The bad news is that with two weeks of rehearsal left in Richard III, our set must be torn down, and painted over for a kids show that will be taking place in the same venue. Efforts to compromise and prevent this were unsuccessful. So we will be rehearsing Shakespeare near the end of this process amidst the colors and characters of Dr. Seuss...the director doesn't sound too worried about it. I think it is a gut blow. One can stand up and fight again after a gut blow, but not without some wheezing and staggering about. I'd say that is where we will be for a while. Not much more can be said about that.
Onto better news. Rehearsal for the second half went well, despite missing two actors. Of particular note was the ghost scene. I had mentioned earlier in the week that the director had some new ideas for it. With the relevant actors present last night those ideas were tested out, and deemed a success. The changes will be kept.
Not that any of them affect my part in the scene. Like so many other aspects of Buckingham's presence in this production, my character's ghost will enter and behave somewhat differently than the rest. I won't get into too much detail about that, but it is nothing wild. Just that I will be set somewhat apart from the rest of the group of specters, physically.
Back to the beginning of the second act is probably my second most important moment in the play. When Richard reveals, much to Buckingham's internal disgust, that he wants the child princes murdered. I must find a way to express that disgust. I haven't hit it quite right just yet. I need to internalize the moment more than I am, i think. The scene and mood changes so quickly, my performance has to start catching up. I believe that it can, but I need to start making a more conscious effort for it to do so. Not that I have gotten any complaints about it, but inside I know I can and should do better there.
Later in that scene, (and I believe I have talked about this before here on the blog), I allow Buckingham to express rage for the first and only time in this play. And it is brief. One sentence, in fact. The director wants me to build up to that rage more than I am doing now, so has suggested I express the rage on one or two words at the end of the sentence, as opposed to the whole sentence. I will try that the next time. (I also have to work on screaming from my diaphragm, and not my throat. I have been getting better at that, though I still need work. I will start practicing that at home when I can.
The only other thing I do in the second half is my execution speech, wherein Buckingham ponders the notion of the universe as full of karmic justice, as he faces the "determined respite" of his wrongs. If you have been following this blog you know that I started work on this speech early on in the process, so I could have it down cold as soon as possible. The scene with Buckingham pleaded with Richard to take the crown in Act III, or even the scene I just described above with Richard turning on Buckingham may be more important to the audience.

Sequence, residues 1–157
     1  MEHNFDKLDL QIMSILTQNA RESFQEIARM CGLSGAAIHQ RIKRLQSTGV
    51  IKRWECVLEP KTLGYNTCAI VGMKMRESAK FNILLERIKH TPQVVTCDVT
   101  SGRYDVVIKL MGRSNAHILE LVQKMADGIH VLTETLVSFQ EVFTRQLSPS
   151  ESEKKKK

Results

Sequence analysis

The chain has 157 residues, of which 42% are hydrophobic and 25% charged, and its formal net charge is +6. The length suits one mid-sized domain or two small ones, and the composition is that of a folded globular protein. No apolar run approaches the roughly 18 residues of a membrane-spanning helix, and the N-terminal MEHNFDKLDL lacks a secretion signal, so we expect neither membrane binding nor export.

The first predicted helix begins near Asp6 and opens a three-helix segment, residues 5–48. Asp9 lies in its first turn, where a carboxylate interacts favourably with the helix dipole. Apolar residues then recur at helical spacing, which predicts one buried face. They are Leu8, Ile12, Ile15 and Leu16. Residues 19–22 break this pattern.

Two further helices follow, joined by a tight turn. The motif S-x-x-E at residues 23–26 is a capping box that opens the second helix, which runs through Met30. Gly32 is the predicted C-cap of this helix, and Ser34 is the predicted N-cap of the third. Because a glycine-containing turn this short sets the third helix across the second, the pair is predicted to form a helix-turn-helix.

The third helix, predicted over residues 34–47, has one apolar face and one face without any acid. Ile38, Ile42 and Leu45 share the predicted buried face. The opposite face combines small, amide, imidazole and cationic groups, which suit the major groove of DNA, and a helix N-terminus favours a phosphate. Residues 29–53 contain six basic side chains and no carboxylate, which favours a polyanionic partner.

But this final speech by Buckingham while still alive is most important to me. I think it gets better each time, but something continues to feel missing. (Last night it was the actress who is in the scene with me.) It is not poor by any means, (I rarely get instructions on it from the director, which means so far she must be pleased.) Yet I still want something to it that is lacking right now. It may be a pacing thing. Perhaps if I slowed certain parts of it more. Or maybe if I entered more slowly. I think part of it may also be how I am delivering the two tiny lines in the scene before the speech. (This suddenly feels like a very real possibility.) I must discuss it with the director.
I want the speech to be reflective. A man who came close to being a full man in life, but didn't quite make it. Someone a little too removed from society. Someone a bit too focused on being left alone to know what was going on. The final self-indictment, as well as an ironic praise of a universe that does provide consequences for actions after all. A satisfaction, or even a peace with that knowledge.
Monday we return for our first full run-through of the entire show. On a green set for a kids show, as mentioned. Distraction or not, this is the time to start kicking everything up to another level. As our director said several times lately, it is time to stop thinking and start feeling the play. I intend to do so.